In the last post [Mindful Intentions] I described how the brain has a negative bias. This means we have a tendency to remember traumatic experiences over positive ones. React stronger to negativity than positivity and think about negative things more frequently than positive ones. This example from VeryWellMind describes it perfectly:
“…you might be having a great day at work when a coworker makes an offhand comment that you find irritating. You then find yourself stewing over his words for the rest of the workday. When you get home from work and someone asks you how your day was, you reply that it was terrible—even though it was overall quite good despite that one negative incident…This bias toward the negative leads you to pay much more attention to the bad things that happen, making them seem much more important than they really are”
(Learn more about the negative bias here)
I learned about the power of the mind back when I was my toughest critic. Nothing anyone else could say could cut me as deep as what I heard running through my own head. After realizing that I was self-sabotaging and creating self-fulfilling prophesies of negativity, I decided enough was enough.
The way you speak to yourself has a great effect on how you view the world.
I committed myself to becoming intentional with the thoughts that go through my head. Instead of letting the thoughts flow in and out as they please, I was determined to catch myself when I started to go down a negative route. I was intentional about slowing down the habit and replacing it with a new one. And found that changing my perspective, and highlighting the good, allowed me to see more good things in my life.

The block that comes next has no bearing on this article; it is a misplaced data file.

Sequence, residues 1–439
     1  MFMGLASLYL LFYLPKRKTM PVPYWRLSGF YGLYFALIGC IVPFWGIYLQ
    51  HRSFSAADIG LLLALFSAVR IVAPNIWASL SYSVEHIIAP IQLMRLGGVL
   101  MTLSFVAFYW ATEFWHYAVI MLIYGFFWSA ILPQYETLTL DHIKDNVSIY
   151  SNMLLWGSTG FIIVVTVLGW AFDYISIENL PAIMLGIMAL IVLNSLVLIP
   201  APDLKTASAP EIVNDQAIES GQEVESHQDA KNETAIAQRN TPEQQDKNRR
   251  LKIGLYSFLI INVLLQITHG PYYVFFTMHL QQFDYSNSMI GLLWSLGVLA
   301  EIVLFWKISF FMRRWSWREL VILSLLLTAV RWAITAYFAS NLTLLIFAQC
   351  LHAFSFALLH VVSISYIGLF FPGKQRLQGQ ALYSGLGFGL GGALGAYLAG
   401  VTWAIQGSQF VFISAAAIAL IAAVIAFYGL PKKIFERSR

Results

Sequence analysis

It was not an overnight thing. I had to work hard for a long time. I wasn’t always able to make the switch instantly, especially at the beginning. But I got better and sometimes just realizing that I was going to a negative space was the accomplishment.
Realizing what you’re doing is half the battle. The other half is actively changing it.
Changing a habit takes time. Do not get down on yourself if you don’t get it the first few times. Don’t be hard on yourself if you’re making progress but you backslide a little bit. I’m here to tell you it’s ok.
“Don’t be a victim of your thoughts.”
― Darlene Lancer
Imagine a train going in one direction. This train cannot stop on a dime to reverse direction. It must slow down, then stop, the reverse. This is the same with habits and thoughts. You may not be able to instantly switch to positivity. But if you have the intention and you become mindful of it, then you are slowing your momentum. And eventually you will be able to get so good at catching yourself, you’ll then be able to decide to switch up and create a new habit.
By being mindfully intentional with resisting negativity, you are essential strengthening the muscle to observe and highlight the good in the world. This will tune your perspective to see a generally good life. Which will then, create or highlight, good experiences. Which will create a cycle of all good things flowing to you. I believe in you!